Visiting pets also are encouraged.
"Clearly, we're trying to change the image of skilled-nursing facilities," Zuckerman says. "The old idea of lonely old people warehoused in nursing homes is gone."
Zuckerman has made sure to maintain his facility as a model of the "new" nursing home. He has been able to dodge some of the problems that plague other nursing homes because he had the wherewithal to set up a facility that has attracted a larger-than-usual number of private-paying residents. That has allowed him to recoup more of what it actually costs to maintain a nursing home resident. The Medicaid reimbursement rate for those residents who cannot pay themselves is typically about $25 per day below cost on Cape Cod.
"We can be flexible because we're not owned by a corporation, so we're not as driven by a specific profit margin," he says.
Pleasant Bay also has a growing number of residents involved in the rehabilitation side of operations, where their stays are typically short enough to be paid in full by Medicare or their private insurance.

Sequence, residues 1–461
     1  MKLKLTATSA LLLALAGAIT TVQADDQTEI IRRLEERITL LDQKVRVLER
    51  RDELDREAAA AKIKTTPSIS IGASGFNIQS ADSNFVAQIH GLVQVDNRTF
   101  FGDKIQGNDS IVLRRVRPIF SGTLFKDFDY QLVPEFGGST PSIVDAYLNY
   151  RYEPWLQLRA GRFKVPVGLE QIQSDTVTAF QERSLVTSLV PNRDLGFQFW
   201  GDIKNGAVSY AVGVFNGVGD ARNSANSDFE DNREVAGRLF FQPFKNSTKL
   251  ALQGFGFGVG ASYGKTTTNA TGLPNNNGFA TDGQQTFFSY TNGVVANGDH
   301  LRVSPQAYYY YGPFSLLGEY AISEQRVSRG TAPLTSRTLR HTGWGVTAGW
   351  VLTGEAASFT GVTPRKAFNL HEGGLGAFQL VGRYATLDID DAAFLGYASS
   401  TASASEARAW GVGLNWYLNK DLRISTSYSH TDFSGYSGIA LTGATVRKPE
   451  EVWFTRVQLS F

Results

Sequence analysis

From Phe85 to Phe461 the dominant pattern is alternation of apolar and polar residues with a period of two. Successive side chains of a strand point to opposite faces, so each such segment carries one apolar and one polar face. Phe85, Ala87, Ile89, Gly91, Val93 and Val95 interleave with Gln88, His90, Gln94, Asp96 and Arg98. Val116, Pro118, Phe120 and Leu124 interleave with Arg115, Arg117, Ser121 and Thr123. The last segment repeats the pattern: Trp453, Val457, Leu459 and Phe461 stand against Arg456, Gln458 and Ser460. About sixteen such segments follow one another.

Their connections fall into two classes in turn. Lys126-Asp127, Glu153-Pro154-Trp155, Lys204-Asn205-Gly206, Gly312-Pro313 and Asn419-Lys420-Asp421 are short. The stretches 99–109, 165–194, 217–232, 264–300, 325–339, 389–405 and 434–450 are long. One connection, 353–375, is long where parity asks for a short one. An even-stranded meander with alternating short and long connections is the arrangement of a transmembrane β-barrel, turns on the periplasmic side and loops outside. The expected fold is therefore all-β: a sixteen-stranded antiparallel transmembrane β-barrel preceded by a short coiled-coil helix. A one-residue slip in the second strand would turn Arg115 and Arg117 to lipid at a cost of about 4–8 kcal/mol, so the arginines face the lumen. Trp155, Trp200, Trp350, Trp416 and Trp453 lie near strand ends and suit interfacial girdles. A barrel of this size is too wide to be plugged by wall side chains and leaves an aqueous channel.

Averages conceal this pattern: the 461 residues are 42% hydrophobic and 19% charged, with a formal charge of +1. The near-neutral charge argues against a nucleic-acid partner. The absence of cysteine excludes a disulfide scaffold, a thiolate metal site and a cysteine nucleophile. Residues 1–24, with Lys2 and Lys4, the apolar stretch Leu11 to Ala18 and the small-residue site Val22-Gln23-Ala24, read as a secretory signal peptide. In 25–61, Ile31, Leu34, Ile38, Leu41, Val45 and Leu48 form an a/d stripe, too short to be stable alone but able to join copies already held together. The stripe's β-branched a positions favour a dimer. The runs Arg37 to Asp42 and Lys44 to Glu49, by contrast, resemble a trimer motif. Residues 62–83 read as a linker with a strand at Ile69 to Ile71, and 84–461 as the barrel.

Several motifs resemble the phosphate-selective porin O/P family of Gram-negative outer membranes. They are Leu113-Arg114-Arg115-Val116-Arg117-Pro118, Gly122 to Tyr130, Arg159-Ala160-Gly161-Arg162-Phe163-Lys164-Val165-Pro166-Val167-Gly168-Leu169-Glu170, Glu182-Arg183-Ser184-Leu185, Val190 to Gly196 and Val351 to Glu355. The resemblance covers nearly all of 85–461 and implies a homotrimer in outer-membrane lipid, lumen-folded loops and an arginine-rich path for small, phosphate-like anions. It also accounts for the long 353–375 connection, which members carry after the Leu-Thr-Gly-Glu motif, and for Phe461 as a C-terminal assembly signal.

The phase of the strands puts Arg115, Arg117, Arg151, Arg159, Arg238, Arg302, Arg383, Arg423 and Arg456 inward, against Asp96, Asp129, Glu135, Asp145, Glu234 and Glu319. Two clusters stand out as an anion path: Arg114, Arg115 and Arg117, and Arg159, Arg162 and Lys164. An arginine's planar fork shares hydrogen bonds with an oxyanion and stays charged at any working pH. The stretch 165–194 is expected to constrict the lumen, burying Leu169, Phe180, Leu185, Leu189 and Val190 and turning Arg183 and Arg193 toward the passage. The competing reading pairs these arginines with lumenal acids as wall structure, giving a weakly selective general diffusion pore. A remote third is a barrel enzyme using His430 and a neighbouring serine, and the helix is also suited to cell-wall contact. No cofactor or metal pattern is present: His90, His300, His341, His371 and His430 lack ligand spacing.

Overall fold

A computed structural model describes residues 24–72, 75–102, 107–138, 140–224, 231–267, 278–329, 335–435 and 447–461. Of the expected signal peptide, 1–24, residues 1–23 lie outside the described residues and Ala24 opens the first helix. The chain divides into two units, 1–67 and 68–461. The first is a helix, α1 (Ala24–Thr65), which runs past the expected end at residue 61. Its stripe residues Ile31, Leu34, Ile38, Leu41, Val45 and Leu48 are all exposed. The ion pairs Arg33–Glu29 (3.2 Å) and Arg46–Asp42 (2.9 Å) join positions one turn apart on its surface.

Zuckerman says he also has less trouble keeping qualified staff than the average nursing home. He says he has high expectations, because he wants to maintain the reputation of his facility, yet makes sure he treats the staff well. When his health-care provider recently raised his rates substantially, he chose to absorb it rather than pass it on to his staff, he says.
Zuckerman says nursing aides stay at Pleasant Bay an average of four to five years. Although the Massachusetts Extended Care Federation does not have turnover figures for certified nursing assistants, in an annual survey it conducts of nursing homes around the state, 54 percent of those on Cape Cod said their nursing assistants had been with them for more than one year.
The long-term-care section of his nursing home often has a waiting list. The average age of those residents is 90, he says. Those who come for short-term rehabilitation after an injury or surgery are generally younger and stay a much shorter period of time.